One of the joys of working in medicine is the life long learning as an individual but also as a profession. On the back of new data from the TARN database reflecting the reality of clinicians, there has been much talk as to how to assess and treat older patients who have had trauma. First of all what constitutes a trauma call in itself is being reassessed – for those who have never been involved the BMJ visual summary explains it all. A prealert is sent to the hospital by the ambulance service so that a multidisciplinary team involving emergency medicine, surgery, orthopaedicas, anaesthetics and others are present on patient arrival in the ER should the ambulance crew be called to a patient who triggers any of the alarm parameters such as a low blood pressure or a high risk mechanism of injury. Previously a fall >2m was deemed to be needing a trauma call but the big change is that in older patients falls from less than 2m were found to be the leading cause of multiple trauma in older patients. The severity of the trauma is assesses retrospectively over the patients time in hospital with an ISS injury Severity Score calculated on the basis of injury to different parts of the body many of which will not be identified until CT scan or even later on the ward especially in older patients. The challenge is therefore how to triage parents to a trauma call when so many older patients are brought in for falls on the floor. New guidelines for both clinicians and patients are needed. Here below an example for clinicians from the Royal Free London.
Note that in older patients a systolic blood pressure of 110 and not 90 is a cause for alarm as is a GCS (Glasgow coma scale of assessing conscious level) of less than 15 even if it is their baseline. Importantly confusion can not be automatically attributed to baseline cognition issues (dementia) and delirium should always be considered as it can be fatal. The DTS calculator is a <20 second ER tool to rapidly rule out delirium as are the bCAM calculator or the CA2MS below- the important points to remember are that being quiet can still be delirium and controlling the basics such as analgesia and hydration help.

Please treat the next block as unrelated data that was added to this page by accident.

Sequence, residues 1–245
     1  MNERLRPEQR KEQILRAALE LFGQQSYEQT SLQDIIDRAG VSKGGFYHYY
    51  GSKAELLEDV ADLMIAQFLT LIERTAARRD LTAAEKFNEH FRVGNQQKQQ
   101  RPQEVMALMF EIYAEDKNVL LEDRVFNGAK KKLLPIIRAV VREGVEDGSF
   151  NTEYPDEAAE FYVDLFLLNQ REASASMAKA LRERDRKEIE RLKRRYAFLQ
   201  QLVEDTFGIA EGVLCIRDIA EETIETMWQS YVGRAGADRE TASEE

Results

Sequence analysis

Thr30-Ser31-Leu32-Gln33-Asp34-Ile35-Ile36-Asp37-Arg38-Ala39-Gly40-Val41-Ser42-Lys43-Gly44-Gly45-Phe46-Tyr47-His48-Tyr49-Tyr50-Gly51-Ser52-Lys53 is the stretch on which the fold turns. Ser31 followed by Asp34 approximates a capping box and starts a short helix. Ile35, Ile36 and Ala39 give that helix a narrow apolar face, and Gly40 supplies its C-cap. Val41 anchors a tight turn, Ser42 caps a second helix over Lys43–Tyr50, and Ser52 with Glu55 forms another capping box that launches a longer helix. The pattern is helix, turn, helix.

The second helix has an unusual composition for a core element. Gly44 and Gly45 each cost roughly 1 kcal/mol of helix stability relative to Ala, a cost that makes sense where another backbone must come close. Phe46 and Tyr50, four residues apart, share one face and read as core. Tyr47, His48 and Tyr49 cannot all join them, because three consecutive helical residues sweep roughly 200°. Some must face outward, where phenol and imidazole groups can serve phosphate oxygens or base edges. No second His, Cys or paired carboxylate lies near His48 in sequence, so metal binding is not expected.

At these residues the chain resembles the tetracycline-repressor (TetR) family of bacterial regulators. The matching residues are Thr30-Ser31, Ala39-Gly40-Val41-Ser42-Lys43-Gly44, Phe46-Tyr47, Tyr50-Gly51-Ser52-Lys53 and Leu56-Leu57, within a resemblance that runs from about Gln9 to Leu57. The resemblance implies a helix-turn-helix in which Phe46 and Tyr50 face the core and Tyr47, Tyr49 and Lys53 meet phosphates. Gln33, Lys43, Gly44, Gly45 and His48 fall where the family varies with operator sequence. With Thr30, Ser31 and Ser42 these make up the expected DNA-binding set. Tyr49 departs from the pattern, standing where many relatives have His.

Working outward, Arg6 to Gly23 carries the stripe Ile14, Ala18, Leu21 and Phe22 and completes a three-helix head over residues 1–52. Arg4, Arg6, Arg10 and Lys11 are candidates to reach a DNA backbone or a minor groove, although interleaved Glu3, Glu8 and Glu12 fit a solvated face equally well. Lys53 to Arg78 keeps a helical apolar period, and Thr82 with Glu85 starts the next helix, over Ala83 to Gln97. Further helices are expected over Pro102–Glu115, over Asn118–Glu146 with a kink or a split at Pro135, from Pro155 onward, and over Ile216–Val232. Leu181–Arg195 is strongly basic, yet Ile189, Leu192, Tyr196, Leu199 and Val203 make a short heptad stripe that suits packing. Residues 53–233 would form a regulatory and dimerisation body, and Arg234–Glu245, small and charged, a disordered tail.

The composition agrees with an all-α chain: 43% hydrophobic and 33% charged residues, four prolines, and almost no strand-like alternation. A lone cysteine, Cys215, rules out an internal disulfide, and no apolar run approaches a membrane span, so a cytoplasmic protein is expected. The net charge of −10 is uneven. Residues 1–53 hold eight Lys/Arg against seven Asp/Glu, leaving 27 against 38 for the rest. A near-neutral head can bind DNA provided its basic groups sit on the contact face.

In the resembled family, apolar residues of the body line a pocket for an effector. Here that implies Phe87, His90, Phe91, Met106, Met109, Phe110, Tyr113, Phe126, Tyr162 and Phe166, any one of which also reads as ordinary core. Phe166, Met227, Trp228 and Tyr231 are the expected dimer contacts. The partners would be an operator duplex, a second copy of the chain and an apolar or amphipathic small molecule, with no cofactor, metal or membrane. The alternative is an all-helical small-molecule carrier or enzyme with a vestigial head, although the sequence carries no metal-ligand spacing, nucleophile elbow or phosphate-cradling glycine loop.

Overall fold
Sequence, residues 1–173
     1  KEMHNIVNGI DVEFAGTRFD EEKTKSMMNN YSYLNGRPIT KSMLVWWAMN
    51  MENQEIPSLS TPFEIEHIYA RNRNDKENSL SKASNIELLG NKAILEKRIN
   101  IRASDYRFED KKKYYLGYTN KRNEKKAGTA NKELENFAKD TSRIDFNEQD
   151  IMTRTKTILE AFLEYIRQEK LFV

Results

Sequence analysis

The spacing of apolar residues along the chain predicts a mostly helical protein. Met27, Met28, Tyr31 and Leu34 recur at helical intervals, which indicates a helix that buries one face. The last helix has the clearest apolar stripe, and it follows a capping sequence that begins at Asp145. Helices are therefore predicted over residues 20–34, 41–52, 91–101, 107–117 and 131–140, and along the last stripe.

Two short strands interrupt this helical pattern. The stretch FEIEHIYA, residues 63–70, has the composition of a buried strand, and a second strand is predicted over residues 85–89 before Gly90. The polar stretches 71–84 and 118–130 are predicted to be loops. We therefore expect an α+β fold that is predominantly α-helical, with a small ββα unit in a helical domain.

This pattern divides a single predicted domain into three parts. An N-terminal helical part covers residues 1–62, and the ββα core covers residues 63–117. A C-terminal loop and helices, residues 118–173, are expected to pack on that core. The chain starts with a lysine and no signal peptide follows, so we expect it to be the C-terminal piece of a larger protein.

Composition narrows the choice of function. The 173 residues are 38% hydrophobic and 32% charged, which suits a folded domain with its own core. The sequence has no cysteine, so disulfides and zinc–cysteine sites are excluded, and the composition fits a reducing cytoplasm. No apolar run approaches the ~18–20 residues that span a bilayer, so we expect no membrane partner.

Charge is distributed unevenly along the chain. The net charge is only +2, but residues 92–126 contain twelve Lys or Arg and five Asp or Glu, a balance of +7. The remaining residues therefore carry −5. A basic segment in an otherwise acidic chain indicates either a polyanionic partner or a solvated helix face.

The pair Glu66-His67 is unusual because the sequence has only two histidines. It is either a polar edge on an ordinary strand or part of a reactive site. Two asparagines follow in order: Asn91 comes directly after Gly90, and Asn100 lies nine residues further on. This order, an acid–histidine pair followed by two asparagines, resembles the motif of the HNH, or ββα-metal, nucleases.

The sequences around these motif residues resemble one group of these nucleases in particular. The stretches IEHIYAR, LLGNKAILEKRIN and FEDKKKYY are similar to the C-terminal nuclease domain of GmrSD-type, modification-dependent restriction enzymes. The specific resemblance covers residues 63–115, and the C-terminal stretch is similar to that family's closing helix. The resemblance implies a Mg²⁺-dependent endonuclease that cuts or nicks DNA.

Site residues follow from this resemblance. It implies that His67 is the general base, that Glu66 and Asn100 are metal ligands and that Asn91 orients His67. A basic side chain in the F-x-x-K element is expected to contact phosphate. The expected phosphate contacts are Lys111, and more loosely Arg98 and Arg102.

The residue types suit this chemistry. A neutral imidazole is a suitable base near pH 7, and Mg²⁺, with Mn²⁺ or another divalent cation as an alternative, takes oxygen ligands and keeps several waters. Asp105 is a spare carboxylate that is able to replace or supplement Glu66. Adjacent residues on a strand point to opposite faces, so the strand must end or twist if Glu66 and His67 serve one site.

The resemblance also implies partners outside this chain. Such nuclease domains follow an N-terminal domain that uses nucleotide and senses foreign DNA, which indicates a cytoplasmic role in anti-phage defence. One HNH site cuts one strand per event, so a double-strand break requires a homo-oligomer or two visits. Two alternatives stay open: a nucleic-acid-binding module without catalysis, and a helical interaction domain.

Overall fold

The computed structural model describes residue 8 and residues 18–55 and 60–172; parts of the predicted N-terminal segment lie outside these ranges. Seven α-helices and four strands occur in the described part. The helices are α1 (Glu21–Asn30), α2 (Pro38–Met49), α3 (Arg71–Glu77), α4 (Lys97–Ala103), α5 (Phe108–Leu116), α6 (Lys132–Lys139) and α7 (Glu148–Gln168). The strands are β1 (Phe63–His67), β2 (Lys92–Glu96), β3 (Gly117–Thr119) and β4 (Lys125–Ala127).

Trauma patients are also often immobilised on their arrival so that their spinal cord is protected. This involves being taped into place between plastic blocks and being rolled in your entirety if you need to use a bedpan or vomit. A miserable if necessary experience at the best of times, for older patients a curved spine might make it even more uncomfortable and in the case of confused patients turn the whole experience into a very frightening experience. The jury is out as to whether the risks outweigh the benefits and it is always worth having the discussion as to whether full immobilization is needed and if so, to prioritise early imaging to remove blocks or collars if possible.
The easiest and most complete way to learn about this by listening to the MDTea podcast.…and further resources are available at the RCEM . HECTOR have been pioneering in looking at this and have a very complete guide as have Leicester who have a good introduction to the frail patient in general in the ED.
Presented by: Dr Iain Wilkinson Faculty: Pam Trangmar, Dr Cathryn Mainwaring, Susan Hendrickson, Rebecca Norton Release Date: 26th Feb 2019 Iain: Functional decline or lack of improvement is common in older adults with severe #frailty undergoing #TAVR or #SAVR.